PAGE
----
There is a hole which none can crawl out of. It’s at the bottom of a garden with too many trees. We found it one autumn while we were clearing bracken, found it and knew they were down there. We heard them whispering weird laments, the whole hidden host emitting a void cacophony. At first, we were scared and stayed silent. We only listened, afraid they would become aware of our presence and appeal to us. So we sat with our ear to the hole, lulled by their strange and terrible music.
After that first time, we came every day. Nobody asked us where we were going and we didn’t tell; we didn’t tell them we’d found a hole in a garden filled with a people who sang a subterranean song. The people were ours now, we didn’t want to share. They belonged to us.
Sometimes, we’d go at night. At night their song was changed. No longer did they hiss and whisper. At night they howled, and if the moon was out, the air was filled with their orchestral rhapsody. It seemed to seep from the soil like sulphur, filling the air and choking us. We could never stay long at night; it was only a short time before we couldn’t breathe. But we went because we saw visions. When the earth people sang at night, our heads were filled with pictures of things that were and things that would never be, and we saw the pictures and felt holy. We liked being holy. It was like a drug, but a drug we knew would kill us. It became a game like we played when we were children, when you got your friend to choke you to see how long you could last, and when you came around it was like you were high. We were addicted. We became shamans under the influence of their sulphuric song.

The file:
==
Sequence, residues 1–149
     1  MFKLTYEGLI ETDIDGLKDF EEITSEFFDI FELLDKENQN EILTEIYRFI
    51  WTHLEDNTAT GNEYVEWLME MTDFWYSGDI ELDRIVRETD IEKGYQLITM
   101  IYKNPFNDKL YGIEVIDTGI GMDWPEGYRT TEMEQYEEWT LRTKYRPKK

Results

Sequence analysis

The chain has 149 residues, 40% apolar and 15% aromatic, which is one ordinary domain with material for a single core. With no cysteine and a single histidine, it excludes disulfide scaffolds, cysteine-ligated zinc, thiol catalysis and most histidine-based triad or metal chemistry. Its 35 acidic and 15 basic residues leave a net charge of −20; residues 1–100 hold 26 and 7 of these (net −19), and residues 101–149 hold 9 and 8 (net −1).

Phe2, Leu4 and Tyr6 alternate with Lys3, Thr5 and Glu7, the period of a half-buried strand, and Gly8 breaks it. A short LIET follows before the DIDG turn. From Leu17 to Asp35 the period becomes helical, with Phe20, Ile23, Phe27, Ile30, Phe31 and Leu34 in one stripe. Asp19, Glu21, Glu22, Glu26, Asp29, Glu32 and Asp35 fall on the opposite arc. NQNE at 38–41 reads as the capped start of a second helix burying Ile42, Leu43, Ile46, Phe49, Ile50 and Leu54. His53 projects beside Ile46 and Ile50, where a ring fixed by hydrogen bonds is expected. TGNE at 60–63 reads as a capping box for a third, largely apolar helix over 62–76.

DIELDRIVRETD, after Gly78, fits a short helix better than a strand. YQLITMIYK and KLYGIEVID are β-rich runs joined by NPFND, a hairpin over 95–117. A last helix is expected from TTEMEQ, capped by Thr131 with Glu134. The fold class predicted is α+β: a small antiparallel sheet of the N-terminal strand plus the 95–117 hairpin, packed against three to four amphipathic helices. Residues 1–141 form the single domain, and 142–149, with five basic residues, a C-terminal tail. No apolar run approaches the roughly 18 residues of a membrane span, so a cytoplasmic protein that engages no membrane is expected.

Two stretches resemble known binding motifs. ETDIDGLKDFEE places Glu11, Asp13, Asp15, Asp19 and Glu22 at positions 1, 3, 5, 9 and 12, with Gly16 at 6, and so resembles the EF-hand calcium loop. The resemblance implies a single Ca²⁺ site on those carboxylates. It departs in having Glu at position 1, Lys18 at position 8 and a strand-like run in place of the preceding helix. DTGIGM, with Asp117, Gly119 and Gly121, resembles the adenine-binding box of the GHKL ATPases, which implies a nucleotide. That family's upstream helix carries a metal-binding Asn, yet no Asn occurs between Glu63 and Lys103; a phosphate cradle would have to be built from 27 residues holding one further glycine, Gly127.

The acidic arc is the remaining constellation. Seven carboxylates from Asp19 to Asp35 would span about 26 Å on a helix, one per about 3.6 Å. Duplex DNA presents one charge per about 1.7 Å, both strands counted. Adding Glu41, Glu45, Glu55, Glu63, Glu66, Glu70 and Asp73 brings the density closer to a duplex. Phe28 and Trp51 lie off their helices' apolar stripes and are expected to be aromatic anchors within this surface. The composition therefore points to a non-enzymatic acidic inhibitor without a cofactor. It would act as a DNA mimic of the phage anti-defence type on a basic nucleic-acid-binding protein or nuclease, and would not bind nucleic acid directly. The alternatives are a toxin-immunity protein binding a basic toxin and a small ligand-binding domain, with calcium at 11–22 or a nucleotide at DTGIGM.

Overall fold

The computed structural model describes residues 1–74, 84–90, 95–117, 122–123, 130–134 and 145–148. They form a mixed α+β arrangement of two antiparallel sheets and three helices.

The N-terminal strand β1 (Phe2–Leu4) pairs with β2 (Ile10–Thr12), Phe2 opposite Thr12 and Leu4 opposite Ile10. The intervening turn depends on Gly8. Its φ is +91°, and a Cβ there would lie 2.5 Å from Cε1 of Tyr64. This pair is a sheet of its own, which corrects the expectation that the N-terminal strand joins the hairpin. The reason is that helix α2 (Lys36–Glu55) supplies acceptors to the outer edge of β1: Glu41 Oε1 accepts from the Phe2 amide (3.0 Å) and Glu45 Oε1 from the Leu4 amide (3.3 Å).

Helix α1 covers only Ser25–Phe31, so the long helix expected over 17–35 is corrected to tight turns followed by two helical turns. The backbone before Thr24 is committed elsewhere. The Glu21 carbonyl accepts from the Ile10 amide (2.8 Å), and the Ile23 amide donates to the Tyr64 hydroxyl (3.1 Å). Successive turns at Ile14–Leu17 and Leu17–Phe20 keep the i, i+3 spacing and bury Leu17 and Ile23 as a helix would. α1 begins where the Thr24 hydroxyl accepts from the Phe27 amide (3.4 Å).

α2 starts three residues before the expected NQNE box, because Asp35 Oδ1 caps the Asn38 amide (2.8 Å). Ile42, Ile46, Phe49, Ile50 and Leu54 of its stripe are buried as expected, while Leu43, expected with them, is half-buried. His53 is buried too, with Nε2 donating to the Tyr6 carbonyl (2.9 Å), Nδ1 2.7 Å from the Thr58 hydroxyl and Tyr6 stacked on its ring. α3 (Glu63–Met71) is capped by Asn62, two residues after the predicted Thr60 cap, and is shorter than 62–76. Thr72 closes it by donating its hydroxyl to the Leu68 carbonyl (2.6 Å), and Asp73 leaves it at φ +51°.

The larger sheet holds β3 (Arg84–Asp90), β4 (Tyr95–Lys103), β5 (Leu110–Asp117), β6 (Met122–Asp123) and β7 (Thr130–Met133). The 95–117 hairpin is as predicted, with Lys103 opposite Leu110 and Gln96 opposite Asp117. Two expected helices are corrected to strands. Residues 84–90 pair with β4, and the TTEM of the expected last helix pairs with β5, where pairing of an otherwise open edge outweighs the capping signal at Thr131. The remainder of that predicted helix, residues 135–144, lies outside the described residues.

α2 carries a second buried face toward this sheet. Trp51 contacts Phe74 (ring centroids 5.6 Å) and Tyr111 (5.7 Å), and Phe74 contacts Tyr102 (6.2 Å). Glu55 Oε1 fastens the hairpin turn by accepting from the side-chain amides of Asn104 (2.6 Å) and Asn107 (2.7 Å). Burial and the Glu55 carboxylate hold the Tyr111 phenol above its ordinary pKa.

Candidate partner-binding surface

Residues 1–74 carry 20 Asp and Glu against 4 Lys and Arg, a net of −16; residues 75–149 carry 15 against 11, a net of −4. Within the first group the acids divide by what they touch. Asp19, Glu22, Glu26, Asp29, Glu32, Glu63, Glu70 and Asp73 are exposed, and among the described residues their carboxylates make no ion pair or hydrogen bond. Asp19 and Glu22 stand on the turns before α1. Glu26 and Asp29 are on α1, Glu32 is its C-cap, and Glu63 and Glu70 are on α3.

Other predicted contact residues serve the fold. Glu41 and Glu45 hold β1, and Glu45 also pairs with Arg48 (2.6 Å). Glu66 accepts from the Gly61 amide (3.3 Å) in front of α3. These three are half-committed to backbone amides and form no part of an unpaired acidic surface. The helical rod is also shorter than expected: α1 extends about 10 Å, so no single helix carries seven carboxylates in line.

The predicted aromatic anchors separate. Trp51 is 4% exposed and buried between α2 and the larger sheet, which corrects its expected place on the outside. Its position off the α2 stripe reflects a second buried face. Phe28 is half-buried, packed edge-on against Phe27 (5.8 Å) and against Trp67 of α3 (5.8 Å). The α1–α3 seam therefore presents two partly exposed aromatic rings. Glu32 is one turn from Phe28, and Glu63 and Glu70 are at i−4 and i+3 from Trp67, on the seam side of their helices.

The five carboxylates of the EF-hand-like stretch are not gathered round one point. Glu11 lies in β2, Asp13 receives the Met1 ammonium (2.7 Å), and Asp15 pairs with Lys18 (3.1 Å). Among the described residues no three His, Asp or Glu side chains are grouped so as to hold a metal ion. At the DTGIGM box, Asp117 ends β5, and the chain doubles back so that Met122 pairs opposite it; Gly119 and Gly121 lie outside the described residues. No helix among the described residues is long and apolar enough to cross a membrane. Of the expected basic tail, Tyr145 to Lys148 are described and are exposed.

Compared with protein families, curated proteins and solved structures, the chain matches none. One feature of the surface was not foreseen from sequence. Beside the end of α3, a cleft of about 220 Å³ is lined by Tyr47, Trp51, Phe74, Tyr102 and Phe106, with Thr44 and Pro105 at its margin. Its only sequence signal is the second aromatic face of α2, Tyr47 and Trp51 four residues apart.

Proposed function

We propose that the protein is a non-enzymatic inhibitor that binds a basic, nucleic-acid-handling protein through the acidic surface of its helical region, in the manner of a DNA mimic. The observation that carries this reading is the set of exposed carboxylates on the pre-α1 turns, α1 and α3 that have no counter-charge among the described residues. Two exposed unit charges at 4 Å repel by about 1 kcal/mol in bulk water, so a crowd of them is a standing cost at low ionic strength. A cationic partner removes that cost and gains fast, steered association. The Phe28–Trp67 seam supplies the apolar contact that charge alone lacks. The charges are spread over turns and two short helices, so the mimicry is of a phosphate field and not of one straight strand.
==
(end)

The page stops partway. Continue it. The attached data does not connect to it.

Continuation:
Days, we tried to entice them out. We tried everything, dangling food above the hole to lure them like a tapeworm. Milk didn’t work; it caused them to slither deeper into their lair. We thought meat might do it, but the scent of it caused a diabolical furore, like the sound of a million locusts bombarding a greenhouse. We tried it once and never again. Thinking we might lure them with alcohol, we left a plastic cupful of wine at the entrance. With the scent of wine, they learned our names and whispered at us through the soil. That terrified us, so we took the wine far away, and soon they whispered our names no more.
We discovered it was better to leave them down there. Surely they could crawl out if they wanted to? We contented ourselves with their earthy music and the highs it induced in us. We got holy and talked to God every night. For short spells. We stuck around as long as we could, but we always had to retreat. After some time, we developed powers. My sister found she could touch someone and discern their entire mind. I could listen and hear things on the other side of the world. We were empowered by the subterranean music.
Then we got bored. We liked being powerful, but we longed for more. The celestial songs no longer interested us. One night, my sister pissed in the hole. The music lost its power, like they’d become drunk and ill-fit for song.
But soon the beauty of their music returned. That’s when I became angry. Angry that they wouldn’t show their faces, angry that we were addicted to their subterranean night music. Angry at God, because he never showed his face for long.
We poured petrol into the hole and dropped in a match. They hissed like wet paper as they burned. We were disappointed that they died so pathetically, without music, without a single ecstatic song. After that night, we heard them no more.
We are still angry, my sister and I. We spend our days on our hands and knees, crawling in gardens with too many trees, searching for a hole amongst the bracken. A hole filled with a celestial night music. One day, we believe we will find it.
‘Celestial Night Music’, by Ultan Banan. Please note: flash fiction, nonfiction and all other content is the sole work of Black Tarn. Ask before republishing.